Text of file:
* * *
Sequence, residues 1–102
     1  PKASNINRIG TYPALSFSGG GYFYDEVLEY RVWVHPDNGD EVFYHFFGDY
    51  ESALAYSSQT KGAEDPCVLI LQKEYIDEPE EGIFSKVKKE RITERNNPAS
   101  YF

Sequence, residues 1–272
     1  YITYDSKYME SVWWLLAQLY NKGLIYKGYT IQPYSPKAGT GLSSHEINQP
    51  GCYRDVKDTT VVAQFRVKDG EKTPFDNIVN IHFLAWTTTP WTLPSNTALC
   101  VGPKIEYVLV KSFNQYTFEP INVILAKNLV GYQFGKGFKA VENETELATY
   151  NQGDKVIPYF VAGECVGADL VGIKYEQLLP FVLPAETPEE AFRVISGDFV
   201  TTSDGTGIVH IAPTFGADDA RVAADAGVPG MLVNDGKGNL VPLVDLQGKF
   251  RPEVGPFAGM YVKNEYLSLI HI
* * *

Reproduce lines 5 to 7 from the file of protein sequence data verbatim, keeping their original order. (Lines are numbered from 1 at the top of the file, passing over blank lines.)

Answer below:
Sequence, residues 1–272
     1  YITYDSKYME SVWWLLAQLY NKGLIYKGYT IQPYSPKAGT GLSSHEINQP
    51  GCYRDVKDTT VVAQFRVKDG EKTPFDNIVN IHFLAWTTTP WTLPSNTALC